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I have a mysql database, I want to select all values that are equal on "name" and "postcode". And the query needs to select the most common data in the other fields.

If I have:

name postcode test  test2
a    a        1     2
a    a        1     2
a    a        2     1
a    a        1     1
a    a        1     1

Then this needs to return

a    a        1     1

Because (test)1 is 4 times in the table, and (test2)1 is there 3 times. So I need the most common data in the Column where the name and the postcode is the same.

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2 Answers

up vote 1 down vote accepted

This is my first approach:

select distinct
    name, 
    postcode, 
    (select 
       s.test
    from 
       your_table s
    where
       name s.name = m.name, s.postcode = m.postcode
    group by 
       s.name, s.postcode, s.test
    order by count(*) desc
    limit 1 ) as test,
    (select 
       s.test2
    from 
       your_table s
    where
       name s.name = m.name, s.postcode = m.postcode
    group by 
       s.name, s.postcode, s.test2
    order by  count(*) desc
    limit 1 ) as test2
from your_table m

If you don't need high performance this is a solution. If this query is often performed then you should look for another approach.

EDITED

If you need more performance and also you need distinct rows, you can remove distinct and append group by name, postcode clause at the end of the query. Query looks like:

select ... group by name, postcode

This is not standard SQL but mysql allow this for better performance:

Quoting MySQL doc:

In standard SQL, a query that includes a GROUP BY clause cannot refer to nonaggregated columns in the select list that are not named in the GROUP BY clause. MySQL extends the use of GROUP BY so that the select list can refer to nonaggregated columns not named in the GROUP BY clause. This means that the preceding query is legal in MySQL. You can use this feature to get better performance by avoiding unnecessary column sorting and grouping.

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1  
Probably should order by count(*) DESC, and find a way to return only one row per name+postcode combination. –  Andomar Feb 18 '12 at 15:15
    
But the limit would only affect the subqueries, the outer query will still return multiple rows with name=a and postcode=a. Steven Schroeder seems to have a solution. –  Andomar Feb 18 '12 at 15:39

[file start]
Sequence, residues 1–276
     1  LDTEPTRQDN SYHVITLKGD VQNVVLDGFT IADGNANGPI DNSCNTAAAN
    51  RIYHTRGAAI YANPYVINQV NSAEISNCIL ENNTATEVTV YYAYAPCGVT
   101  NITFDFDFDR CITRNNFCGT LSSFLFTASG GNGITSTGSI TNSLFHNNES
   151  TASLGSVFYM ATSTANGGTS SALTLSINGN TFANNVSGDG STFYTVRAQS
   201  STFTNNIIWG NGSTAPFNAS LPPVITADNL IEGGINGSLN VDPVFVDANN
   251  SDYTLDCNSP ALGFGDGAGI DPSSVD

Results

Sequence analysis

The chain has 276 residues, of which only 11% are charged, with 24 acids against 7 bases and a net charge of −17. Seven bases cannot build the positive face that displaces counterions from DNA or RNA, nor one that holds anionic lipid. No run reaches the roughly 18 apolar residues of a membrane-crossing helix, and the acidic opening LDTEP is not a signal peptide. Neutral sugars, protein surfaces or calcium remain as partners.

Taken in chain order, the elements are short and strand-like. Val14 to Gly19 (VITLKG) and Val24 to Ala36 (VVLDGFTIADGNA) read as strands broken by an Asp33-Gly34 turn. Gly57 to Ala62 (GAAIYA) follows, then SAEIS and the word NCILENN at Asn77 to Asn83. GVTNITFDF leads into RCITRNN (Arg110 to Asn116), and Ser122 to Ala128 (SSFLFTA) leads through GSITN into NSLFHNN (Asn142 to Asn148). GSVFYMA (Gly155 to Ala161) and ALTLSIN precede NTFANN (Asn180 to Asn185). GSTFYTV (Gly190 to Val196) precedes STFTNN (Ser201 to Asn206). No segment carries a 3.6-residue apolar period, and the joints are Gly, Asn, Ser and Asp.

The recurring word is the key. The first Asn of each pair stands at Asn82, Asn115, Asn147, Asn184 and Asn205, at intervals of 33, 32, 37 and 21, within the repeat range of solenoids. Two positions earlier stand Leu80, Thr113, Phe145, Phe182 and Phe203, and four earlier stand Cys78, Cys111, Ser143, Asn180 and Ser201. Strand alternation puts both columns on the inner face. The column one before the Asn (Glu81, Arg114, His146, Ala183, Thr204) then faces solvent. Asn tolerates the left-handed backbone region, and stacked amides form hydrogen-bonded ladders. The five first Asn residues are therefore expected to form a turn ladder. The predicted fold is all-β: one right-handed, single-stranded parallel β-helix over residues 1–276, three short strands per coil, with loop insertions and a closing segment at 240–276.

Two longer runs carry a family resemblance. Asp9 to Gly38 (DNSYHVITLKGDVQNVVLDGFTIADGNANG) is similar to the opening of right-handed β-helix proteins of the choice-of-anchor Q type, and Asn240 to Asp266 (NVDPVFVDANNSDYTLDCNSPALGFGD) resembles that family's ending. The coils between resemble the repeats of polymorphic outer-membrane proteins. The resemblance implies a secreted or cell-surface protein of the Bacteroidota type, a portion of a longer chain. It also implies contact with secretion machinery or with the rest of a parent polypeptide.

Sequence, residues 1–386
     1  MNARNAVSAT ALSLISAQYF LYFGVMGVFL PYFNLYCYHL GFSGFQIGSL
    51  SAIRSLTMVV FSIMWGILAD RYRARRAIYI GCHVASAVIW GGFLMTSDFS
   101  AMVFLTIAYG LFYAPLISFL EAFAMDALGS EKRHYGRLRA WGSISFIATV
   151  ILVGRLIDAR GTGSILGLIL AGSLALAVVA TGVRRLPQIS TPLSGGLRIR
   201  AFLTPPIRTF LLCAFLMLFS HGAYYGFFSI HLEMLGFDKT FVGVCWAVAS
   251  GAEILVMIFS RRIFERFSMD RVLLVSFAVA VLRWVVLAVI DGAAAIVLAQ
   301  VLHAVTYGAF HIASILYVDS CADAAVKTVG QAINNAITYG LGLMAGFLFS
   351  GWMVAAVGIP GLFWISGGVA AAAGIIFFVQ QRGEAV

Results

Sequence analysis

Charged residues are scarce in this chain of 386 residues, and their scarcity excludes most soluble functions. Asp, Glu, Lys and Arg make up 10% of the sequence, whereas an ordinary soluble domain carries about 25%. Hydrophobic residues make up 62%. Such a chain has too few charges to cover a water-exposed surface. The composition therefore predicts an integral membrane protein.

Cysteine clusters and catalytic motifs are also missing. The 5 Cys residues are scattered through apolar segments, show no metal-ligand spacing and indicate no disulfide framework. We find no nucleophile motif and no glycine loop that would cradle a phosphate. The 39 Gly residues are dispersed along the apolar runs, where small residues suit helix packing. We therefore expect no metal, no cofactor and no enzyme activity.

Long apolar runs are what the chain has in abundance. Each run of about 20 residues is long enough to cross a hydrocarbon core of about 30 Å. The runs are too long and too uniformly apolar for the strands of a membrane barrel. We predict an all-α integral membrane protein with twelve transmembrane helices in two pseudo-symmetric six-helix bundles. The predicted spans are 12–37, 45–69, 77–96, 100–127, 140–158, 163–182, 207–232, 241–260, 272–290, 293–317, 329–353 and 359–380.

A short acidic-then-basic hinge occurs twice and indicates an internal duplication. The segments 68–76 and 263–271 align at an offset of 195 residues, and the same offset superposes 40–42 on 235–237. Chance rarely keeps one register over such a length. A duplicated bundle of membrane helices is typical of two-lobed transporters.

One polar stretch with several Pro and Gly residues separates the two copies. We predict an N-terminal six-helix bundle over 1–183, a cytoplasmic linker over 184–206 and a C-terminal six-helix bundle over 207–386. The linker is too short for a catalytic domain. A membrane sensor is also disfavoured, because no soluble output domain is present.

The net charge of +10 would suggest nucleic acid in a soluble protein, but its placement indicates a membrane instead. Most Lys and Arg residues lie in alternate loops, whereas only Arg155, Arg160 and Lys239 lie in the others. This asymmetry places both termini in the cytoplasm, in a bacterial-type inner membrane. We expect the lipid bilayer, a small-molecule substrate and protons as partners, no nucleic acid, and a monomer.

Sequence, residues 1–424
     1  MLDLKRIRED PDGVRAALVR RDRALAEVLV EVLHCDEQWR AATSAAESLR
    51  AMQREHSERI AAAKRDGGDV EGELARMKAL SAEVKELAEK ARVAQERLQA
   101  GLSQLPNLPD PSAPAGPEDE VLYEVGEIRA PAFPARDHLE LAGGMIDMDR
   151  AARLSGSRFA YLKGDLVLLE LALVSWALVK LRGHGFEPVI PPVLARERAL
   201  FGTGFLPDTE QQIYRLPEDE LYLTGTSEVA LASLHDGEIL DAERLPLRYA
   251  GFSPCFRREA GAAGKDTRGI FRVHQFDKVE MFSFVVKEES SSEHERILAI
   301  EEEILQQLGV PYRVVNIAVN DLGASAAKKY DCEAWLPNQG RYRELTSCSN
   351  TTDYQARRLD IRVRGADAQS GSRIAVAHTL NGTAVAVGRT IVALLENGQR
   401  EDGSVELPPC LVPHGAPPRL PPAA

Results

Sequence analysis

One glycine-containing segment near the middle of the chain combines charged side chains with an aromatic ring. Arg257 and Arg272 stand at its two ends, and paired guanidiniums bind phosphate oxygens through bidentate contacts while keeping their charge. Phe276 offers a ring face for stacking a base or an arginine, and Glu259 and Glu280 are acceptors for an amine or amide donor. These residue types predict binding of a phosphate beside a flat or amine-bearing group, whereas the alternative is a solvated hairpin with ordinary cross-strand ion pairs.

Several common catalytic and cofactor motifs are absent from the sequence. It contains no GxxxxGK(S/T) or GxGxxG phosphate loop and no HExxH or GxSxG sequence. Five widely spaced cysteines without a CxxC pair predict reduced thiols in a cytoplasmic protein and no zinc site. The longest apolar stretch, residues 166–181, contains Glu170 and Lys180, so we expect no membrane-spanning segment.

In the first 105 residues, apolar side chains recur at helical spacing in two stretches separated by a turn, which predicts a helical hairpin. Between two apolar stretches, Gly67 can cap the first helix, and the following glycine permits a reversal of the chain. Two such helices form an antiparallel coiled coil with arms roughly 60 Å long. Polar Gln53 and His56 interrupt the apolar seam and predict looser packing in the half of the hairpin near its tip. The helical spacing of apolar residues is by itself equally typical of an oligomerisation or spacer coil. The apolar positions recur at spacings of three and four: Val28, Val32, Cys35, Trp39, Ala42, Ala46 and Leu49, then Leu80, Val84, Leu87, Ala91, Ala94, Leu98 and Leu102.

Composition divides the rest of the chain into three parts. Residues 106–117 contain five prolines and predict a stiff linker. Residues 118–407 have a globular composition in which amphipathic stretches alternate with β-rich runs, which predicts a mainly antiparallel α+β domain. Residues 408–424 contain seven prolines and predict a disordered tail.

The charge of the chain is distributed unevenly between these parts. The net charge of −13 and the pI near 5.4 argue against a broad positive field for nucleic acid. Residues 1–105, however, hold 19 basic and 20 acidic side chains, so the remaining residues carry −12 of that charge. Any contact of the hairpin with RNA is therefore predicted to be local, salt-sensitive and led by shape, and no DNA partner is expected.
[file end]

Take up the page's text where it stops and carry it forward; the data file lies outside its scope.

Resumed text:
ok, fixed with distinct reserved word. –  danihp Feb 18 '12 at 16:56
    
Distinct works on the entire row, including the subquery columns. So the subqueries would be evaluted multiple times per name, postcode combination, before eventually being filtered out by the distinct. –  Andomar Feb 18 '12 at 17:23
    
Fixed,I have reread question and OP doesn't ask for distinct rows neither high performance. –  danihp Feb 18 '12 at 18:34
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When you wrote "I need the most common data" I am interpreting this to mean that you are looking for the mode average value which is simply the number which occurs most frequently in the column for the specified grouping. This can be achieved by grouping and then sorting by the count descending and picking the first result.

e.g.,

SELECT t.name
       ,t.postcode
       ,modevaluefortest = 
           (SELECT t2.test
              FROM [table] t2
             WHERE t.name = t2.name AND t.postcode = t2.postcode
             GROUP BY name, postcode, test
             ORDER BY COUNT(*) DESC
             LIMIT 1
             )
       ,modevaluefortest2 = 
           (SELECT t2.test2
              FROM [table] t2
             WHERE t.name = t2.name AND t.postcode = t2.postcode
             GROUP BY name, postcode, test2
             ORDER BY COUNT(*) DESC
             LIMIT 1
             )
  FROM [table] t
 WHERE t.name = t.postcode -- all values that are equal on "name" and "postcode"
 GROUP BY t.name, t.postcode
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+1 One potential problem, for a a 1 1 a a 2 2 it could return 1 2 because both 1 1 and 2 2 occur once, and there's no other discriminator –  Andomar Feb 18 '12 at 15:40
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